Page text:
1) Natural disaster (tornado, hurricane,
flood, earthquake, fire,
heavy rainstorm, volcano)
kills multiple people.
Bush I) vows to survivors that the federal government will
with you every step of the way" in the rebuilding
3) One or two fiscal conservatives (Sen. Tom
Coburn [R-Oklahoma], Rep. Eric
Cantor [R-Virginia], Sen. Rand
Paul [R-Kentucky]) will suggest that a federal
blank check isn't the best way to respond to local disasters;
point out that annual federal emergency-declarations have grown
from 28 during the Reagan presidency to 44 under Bush I to 90 under
Clinton to 130 under Bush II and 153 under Obama; complain that
disaster bills get
laden with unseemly pork; observe that disaster relief
inevitably transfers money from low-risk states (like
Michigan) to high-risk states (like Florida),
and as a result of all this propose spending cuts to offset the cost of
the federal bailout.
4) They will be treated as
hideous idelogues by both the
press and office-holding
Republicans in the affected area.
5) The blank
check will arive.
6) After a respectful interval, rebuilding
locals will complain
that the federal money comes with bureaucratic strings and a
7) Natural disaster kills multiple
A critical element in this dreary and sometimes deadly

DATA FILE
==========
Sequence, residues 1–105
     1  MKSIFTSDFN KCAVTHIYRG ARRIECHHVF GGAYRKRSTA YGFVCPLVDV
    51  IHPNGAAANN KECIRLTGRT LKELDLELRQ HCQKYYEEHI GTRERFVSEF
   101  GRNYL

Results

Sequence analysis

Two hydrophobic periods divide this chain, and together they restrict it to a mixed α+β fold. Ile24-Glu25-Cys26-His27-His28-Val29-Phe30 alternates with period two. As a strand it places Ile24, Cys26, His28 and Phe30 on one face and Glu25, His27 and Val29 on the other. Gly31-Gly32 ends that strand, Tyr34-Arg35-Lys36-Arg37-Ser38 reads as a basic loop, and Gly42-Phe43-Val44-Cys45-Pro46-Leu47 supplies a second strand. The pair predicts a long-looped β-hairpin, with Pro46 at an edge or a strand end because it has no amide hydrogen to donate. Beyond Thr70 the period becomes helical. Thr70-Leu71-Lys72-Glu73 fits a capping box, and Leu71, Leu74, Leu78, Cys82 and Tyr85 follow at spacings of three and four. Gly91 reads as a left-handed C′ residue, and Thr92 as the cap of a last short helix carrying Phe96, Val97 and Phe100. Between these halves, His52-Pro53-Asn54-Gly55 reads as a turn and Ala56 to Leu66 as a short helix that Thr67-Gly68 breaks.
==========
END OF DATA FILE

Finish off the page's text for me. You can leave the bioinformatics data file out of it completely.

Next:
farce is the attempt by free-spending pragmatists to assert that
the only "ideology" on display here is that of people who dispute
the virtue of the blank check. Here's the Washington
E.J. Dionne, for example:
Although we resolved theRelated reading from me: "The
slavery debate, our nation seems in many ways to be regressing back
to the politics of that era. Disaster relief is not a slam dunk
anymore because an issue of basic decency has become entangled with
a renewed assault on federal power and a belief that cutting the
budget is the nation's single highest priority.
Sen. Tom Coburn (R., Okla.) is so philosophically consistent
that his office let it be known that he believed even assistance to
those suffering in his home state should be offset by budget cuts.
He later said he would not get in the way of relief, but it's
astonishing that emergency spending on behalf of innocent people
would be used as a vehicle for more austerity. [...]
May the people of Oklahoma get the help they need. Rigid
ideology is no substitute for generosity of spirit.
Simpletons: David Brooks, Thomas L. Friedman, and the banal
authoritarianism of do-something punditry," and "No
Labels, and the Ideology of Non-Ideology." And to quickly
fact-check E.J. Dionne's claim that "disaster relief is not a slam
dunk anymore," check out the Federal Emergency Management Agency's
last 60 disaster declarations.
Reason has a robust archive on disaster-response public
policy; click here
to get started.